The entire Cassidy family was there and very much appreciated what the organizers, attendees and supporters not even present at this show, did for Jeremy and his project. Jeremy has vowed to be there next year to support 2019’s recipient. So home again and right into tearing the truck apart, with renewed enthusiasm, so they could get back to restoration and the gold. They were hardly started when they got a call that they needed to put it back together. They were going to the Wheels on the Bay car show in Belleville. Cliff Waller was there and he is the owner of the Neil Candy built Hemi powered 1930 Ford named “Mother’s Worry.” Cliff stated that for this show the proceeds of all Mother’s Polishes sales would go to Jeremy. The truck needed to be there. In addition to cash, Jeremy also left the show with lots of Mother’s products to keep his truck shining for a long time.
Car people are amazing and so kind. Jeremy’s Car Buddy Gang keeps growing.
Jeremy’s treatment via 18 month long experimental chemo regime had to be halted, recently, for two weeks due to an unfavourable reaction to the drug. The chemo regime has restarted but on a lower dosage. Jeremy is doing well with this change. He is now in his longest “vacation” from visits to Sick kids, but due back December 17 for a check-up.
One of the family members we have not mentioned is Jeremy’s older brother, Tyson. Tyson is attending Loyalist College with a goal of becoming a civil engineer. He is a solid student earning marks that make the entire family proud. Like all family members, he does more than one thing. In his case he works at a lumber yard while attending school. Most noteworthy is his support of Jeremy and his goals. Tyson made a wooden floor for Jeremy’s truck box.
So back home and back at the truck. Jeremy really wanted a V8 and one was found from a 1977 Impala. A 305 CI and a 400 turbo auto, but they were in another car. Jeremy got them out, under his Dad’s and Neil’s direction. Tim and Jeremy got them installed in the truck.
While in Sick Kids for thanksgiving in 2018, Dad, Mom and Jeremy were talking about what they were thankful for. Dad, Tim, said he was thankful to live in Canada so they could access the medical support Jeremy needs. He readily acknowledged many other countries do not provide this support to their citizens. Mom, Henrietta, said she was thankful for Sick Kids and all they do for kids who need help. Jeremy was thankful for the medical professionals who are amazing and very importantly, honest when talking to him.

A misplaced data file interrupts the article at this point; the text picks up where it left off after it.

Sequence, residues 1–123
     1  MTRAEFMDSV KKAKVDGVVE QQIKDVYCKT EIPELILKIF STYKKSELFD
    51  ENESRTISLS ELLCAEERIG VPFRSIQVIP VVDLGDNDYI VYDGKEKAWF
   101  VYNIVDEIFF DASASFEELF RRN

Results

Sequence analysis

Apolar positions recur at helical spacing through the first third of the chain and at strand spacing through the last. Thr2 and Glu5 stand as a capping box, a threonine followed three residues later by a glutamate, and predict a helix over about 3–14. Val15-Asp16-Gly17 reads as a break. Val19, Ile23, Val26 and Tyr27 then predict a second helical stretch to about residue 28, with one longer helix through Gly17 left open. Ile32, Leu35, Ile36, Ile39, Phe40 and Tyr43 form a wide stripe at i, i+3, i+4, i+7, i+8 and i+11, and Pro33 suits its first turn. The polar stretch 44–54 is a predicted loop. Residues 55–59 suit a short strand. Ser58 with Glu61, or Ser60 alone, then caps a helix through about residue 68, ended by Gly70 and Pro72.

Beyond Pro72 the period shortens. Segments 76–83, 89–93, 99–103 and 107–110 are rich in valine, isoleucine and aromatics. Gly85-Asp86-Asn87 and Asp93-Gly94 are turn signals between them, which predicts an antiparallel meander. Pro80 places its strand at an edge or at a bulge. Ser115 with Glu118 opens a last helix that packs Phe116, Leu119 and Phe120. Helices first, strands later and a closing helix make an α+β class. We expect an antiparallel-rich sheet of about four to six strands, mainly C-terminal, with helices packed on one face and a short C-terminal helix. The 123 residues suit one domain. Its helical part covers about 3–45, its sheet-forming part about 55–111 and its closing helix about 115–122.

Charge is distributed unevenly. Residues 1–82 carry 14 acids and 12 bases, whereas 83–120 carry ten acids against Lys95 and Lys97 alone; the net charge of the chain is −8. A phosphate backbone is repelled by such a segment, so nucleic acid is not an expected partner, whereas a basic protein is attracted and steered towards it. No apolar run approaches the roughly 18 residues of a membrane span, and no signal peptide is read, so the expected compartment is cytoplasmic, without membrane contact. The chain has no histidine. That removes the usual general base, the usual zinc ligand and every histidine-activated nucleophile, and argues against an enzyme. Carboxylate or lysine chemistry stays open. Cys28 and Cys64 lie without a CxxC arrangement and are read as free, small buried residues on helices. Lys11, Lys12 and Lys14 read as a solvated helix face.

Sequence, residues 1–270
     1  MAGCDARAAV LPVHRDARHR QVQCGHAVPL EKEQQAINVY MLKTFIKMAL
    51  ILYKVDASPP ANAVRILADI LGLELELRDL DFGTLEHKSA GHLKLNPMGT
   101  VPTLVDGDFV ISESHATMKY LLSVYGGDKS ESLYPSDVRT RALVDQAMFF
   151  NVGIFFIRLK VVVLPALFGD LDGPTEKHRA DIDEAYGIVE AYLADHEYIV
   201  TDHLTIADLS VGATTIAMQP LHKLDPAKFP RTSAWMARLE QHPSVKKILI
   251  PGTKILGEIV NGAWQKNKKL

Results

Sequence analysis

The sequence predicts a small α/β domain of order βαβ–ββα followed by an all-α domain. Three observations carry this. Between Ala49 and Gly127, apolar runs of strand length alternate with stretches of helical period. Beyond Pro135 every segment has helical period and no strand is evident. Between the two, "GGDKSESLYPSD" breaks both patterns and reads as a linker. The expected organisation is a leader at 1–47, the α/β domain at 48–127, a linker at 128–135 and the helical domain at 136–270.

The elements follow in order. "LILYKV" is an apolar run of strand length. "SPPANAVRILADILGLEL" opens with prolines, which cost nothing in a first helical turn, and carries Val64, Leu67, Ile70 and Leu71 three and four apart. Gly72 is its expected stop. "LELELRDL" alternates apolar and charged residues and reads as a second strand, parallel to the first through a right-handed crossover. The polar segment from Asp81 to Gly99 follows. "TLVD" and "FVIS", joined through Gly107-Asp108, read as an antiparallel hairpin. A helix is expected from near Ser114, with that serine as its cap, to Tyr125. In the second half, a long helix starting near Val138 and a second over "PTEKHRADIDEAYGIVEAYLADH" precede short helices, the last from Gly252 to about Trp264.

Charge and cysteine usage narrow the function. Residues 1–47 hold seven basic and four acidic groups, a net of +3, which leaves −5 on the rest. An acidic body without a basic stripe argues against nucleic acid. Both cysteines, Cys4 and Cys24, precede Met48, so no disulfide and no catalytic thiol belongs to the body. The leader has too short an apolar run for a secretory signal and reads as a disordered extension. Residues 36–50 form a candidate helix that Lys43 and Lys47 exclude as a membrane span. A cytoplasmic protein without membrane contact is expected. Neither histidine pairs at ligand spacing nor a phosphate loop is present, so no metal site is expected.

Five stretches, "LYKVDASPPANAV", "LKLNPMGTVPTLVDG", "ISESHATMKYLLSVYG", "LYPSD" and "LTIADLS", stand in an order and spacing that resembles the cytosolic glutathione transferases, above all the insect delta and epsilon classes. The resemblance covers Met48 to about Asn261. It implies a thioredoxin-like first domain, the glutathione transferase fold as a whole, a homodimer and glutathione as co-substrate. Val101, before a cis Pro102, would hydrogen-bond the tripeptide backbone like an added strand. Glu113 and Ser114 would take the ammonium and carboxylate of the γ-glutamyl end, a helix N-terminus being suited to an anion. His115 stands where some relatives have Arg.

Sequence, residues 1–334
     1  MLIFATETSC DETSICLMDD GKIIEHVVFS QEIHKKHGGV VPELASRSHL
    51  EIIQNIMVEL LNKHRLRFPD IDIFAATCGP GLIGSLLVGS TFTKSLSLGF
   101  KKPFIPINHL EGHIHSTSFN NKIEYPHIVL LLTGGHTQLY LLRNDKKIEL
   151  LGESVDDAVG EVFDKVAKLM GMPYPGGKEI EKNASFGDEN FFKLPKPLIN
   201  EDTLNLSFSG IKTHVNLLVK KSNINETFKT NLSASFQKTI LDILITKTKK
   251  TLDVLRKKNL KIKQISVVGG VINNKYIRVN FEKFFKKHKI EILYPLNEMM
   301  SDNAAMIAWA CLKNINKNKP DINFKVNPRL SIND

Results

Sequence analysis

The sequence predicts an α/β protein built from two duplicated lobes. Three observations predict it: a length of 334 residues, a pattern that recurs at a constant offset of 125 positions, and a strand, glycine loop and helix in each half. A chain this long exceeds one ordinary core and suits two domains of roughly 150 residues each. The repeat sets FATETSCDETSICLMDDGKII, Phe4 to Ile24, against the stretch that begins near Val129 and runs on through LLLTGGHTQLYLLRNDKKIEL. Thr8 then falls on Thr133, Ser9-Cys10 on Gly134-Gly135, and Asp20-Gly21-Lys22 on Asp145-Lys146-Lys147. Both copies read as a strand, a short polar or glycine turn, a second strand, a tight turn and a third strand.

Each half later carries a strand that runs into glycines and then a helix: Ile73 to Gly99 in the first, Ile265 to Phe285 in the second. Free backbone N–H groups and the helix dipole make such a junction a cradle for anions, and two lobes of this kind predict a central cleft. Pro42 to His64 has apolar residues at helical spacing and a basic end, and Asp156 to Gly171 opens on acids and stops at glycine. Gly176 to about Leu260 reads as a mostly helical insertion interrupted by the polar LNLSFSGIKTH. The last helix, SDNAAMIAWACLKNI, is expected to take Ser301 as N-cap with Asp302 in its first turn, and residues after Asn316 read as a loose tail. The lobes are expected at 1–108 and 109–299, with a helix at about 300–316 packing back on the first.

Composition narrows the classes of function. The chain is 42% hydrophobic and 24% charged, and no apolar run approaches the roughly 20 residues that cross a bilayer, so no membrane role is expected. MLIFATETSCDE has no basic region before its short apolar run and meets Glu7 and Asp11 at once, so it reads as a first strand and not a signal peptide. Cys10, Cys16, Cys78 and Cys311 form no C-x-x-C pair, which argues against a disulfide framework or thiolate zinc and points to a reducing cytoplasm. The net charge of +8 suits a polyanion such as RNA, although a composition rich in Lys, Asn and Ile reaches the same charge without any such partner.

I have read several times two things that Jeremy wrote. One is “Dreams can come true” and “What will be your legacy?” The following are quotes from them both and reflect his maturity. “Once the truck was home, the real work began. Much like my cancer, once the diagnosis and tests came back, that’s when the battle started. I am always shocked at the support my family, friends and strangers gave me. I would like to be remembered as the guy who has gone through a lot but who has helped people who went through the same and much worse.”
The seat has been rebuilt and upholstered. The transmission was taken out, rebuilt and reinstalled. Glass is on hand, ready. Paint has been donated. Tires and wheels are on hand. The exhaust system is on hand. The build is almost done except for the last big step. The body work – mudding, sanding and actual painting, plus the final assembly that will include wiring, sound system, glass installation. They are reaching out, if any shop wants to volunteer to undertake this task and complete Jeremy’s dream, contact Neil Candy as outlined below. Anyone wishing to donate to help finding the rest of the gold in Jeremy’s truck can do so by going to Go Fund Me where, with the Cassidy Family blessing, a campaign has been opened in Jeremy’s name. (Google Go Fund Me, go to home page, search “Jeremy Cassidy” and follow the instructions.) For those wishing to use more traditional methods, please send your cheque or money order to Neil Candy, 1337 Norway Road, Perth Road Village, Ontario K0H 2LO. This is an opportunity for everyone to join Jeremy’s Car Buddy Gang.
A huge thanks goes to the many people who have already helped the Cassidy family get this far with the rebuild of Jeremy’s dream truck. A huge thanks also goes to those who will help him complete his dream.
It is our wish that we help Jeremy realize his dream of having his 1954 Chev truck rebuild finished and to move Jeremy closer to his dream of trucking to the east coast on a father and son journey to the Atlantic Nationals Automotive Show in Moncton, New Brunswick in the summer of 2019.
We are all proud to call you friend, Jeremy. We all wish you the best and total success in achieving this goal. You are one outstanding young man with an amazing family supporting you.